Popular stem cell lines submitted for approval
Four human embryonic stem cell lines that are popular among scientists have finally been submitted to the National Institutes of Health for approval under President Obama's new stem cell policy.
The WiCell Research Institute of Madison, Wisc., late Tuesday asked the NIH to approves the lines, including one known as H9, which is the most widely used line.
The move is significant because some scientists had complained that Obama's new stem cell policy, which was designed to ease restrictions on the field and speed research, was actually having the opposite effect. That's because although dozens of new lines had been approved under the policy, some of the lines that scientists have been using the most--especially WiCell's--had not been authorized.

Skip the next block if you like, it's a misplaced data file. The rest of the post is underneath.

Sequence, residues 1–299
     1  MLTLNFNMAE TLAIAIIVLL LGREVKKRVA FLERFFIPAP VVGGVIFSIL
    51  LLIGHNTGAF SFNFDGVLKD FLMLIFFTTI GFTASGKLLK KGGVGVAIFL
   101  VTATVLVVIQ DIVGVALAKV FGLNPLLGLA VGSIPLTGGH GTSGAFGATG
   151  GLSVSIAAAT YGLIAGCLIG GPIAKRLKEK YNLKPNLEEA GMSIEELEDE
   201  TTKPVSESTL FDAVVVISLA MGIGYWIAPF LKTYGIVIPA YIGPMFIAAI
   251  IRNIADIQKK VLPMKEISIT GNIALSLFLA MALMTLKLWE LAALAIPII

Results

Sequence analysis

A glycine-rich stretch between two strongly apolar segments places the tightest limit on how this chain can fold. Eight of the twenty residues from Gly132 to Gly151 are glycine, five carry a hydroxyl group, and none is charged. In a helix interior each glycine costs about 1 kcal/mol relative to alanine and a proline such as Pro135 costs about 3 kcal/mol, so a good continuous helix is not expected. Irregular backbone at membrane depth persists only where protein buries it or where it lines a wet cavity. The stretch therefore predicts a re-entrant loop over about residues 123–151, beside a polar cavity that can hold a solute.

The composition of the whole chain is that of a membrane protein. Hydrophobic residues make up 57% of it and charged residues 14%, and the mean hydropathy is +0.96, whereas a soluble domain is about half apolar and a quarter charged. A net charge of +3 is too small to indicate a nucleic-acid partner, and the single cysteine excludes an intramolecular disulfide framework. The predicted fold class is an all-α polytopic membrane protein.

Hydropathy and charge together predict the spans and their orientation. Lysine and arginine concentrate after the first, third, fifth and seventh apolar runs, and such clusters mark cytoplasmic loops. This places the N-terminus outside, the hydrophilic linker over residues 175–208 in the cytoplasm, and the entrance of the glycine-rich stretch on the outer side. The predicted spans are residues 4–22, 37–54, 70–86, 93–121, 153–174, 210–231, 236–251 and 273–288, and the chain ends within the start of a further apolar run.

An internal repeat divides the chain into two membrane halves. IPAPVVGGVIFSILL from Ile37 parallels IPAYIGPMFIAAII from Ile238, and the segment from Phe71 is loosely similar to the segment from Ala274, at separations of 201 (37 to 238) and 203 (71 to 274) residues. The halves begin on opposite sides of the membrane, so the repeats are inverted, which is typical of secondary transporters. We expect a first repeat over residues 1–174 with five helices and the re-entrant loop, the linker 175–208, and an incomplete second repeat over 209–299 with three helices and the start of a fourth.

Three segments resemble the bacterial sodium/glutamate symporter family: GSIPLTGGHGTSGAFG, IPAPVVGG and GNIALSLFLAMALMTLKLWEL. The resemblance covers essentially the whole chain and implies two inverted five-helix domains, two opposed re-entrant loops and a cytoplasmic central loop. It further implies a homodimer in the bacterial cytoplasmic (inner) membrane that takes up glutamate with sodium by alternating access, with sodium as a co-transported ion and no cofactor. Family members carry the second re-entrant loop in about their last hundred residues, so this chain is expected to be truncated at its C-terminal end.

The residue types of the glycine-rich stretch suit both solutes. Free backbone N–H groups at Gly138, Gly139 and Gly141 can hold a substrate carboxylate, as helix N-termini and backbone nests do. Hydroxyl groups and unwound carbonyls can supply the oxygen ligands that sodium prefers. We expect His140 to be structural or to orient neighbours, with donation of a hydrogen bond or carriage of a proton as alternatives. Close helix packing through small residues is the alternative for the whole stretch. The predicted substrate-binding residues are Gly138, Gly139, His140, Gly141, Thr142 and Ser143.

Federal funding for human embryonic stem cell research have been restricted during President George W. Bush's administration. Bush sided with critics who did not want federal funding to encourage the destruction of more embryos to create new lines.
Obama lifted those restrictions, but the NIH instituted tough new ethical requirements on any new lines that could receive federal funding. Officials at WiCell had said it was taking some time to assemble the documentation needed to make it through the NIH's new approval process.
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